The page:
07 April 2011
Economic modeling of a solar system enables users to understand what the cost of a solar system will be in terms of its output. In today’s world of tight finance, it can mean the difference in funding and permitting or sending the project back to the drawing board. Many tools are available to generate performance data or cost analysis, but the Solar Advisor Model (SAM) is well known for doing both.
SAM was developed by the National Renewable Energy Laboratory (NREL) in collaboration with Sandia National Laboratories and in partnership with the US Department of Energy (DOE) Solar Energy Technologies Program (SETP). While the “S” in SAM originally stood for “solar,” it now stands for “system,” as the software is capable of making performance predictions for small wind and geothermal systems as well as and economic estimates for distributed energy and central generation projects.
SAM allows users to investigate the impact of variations in physical, cost, and financial parameters.
The software calculates the cost of generating electricity based on information the user provides about a project's location, installation and operating costs, type of financing, applicable tax credits and incentives, and system specifications. At Abengoa Solar, SAM is the common language for discussions with due-diligence engineers. “Having a SAM model allows all parties, the owner of the plant, the EPC and independent engineers, to talk about same parameters that describe a design and performance results,” according to Diego Arias, Team Leader of R&D Thermal Systems Analysis Group at Abengoa Solar.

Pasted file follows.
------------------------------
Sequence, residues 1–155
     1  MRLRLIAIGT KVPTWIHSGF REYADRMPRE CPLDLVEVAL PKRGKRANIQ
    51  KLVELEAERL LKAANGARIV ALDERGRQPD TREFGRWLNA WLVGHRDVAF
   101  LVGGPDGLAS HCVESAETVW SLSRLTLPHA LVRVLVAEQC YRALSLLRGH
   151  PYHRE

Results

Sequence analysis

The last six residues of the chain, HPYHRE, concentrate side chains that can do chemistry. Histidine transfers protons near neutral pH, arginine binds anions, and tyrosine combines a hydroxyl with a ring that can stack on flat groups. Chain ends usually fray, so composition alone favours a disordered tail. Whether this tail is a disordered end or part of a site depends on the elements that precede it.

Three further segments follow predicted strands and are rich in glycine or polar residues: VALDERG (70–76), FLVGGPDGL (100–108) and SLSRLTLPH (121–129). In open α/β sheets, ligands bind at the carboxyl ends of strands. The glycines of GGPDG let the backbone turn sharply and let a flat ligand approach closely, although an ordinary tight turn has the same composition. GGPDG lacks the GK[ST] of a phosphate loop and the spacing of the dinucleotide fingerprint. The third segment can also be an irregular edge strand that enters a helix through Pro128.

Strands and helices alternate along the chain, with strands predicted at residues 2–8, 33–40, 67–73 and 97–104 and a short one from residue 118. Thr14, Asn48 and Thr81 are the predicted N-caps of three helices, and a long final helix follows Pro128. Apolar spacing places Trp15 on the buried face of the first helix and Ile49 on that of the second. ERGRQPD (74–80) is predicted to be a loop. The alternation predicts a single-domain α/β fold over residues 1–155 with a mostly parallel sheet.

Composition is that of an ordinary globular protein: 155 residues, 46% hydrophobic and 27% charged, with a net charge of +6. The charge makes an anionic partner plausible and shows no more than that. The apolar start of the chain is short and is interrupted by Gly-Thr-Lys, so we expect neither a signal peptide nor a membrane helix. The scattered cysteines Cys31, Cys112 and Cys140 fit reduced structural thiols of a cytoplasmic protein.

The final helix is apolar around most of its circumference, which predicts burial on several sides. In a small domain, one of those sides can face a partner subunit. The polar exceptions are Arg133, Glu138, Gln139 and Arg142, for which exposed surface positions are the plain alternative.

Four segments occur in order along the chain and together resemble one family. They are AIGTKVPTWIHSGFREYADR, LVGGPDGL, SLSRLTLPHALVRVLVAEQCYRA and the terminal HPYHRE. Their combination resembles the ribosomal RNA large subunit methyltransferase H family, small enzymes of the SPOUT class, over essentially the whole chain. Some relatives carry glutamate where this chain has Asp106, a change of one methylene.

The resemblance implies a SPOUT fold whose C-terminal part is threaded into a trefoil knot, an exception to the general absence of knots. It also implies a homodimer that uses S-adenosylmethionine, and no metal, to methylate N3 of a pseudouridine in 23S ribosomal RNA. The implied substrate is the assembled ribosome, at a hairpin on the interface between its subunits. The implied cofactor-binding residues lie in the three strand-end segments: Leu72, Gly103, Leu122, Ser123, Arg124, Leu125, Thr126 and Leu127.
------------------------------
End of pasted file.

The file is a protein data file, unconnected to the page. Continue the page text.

SAM allows users to investigate the impact of variations in physical, cost, and financial parameters to better understand their impact on key the following:
- System output
- Peak and annual system efficiency
- Levelised cost of energy (LCOE) measures the cost of generation over the lifetime of the energy asset. It’s arrived at by dividing total system cost by lifetime energy produced.)
- System capital and operating and maintenance (O&M) costs
- Hourly system production
At Abengoa Solar Inc., engineers use SAM extensively for R&D and commercial projects. Arias said, “We use it as a first cut analysis to evaluate designs, technology improvements and their impact on cost of electricity.” He added that the two features upon which they rely are the performance model and the ability to interact with Excel. In performance model, Arias pointed out that the performance of the systems are sequential: solar field, TES and dispatcher, power block and balance of plant. “This allows us to see the energy waterfall, in which we evaluate the effects in a sequential fashion.”
Abengoa engineers have developed in-house models that calculate the required parameters to describe the performance of the plant.
For the empirical model, Abengoa engineers have developed in-house models that calculate the required parameters to describe the performance of the plant (i.e., thermal losses and parasitics consumption). “We link our in-house models with SAM via Excel. This link, combined with SAM's capability of running parametric cases, allows us to evaluate many combinations of design variables,” Arias stated.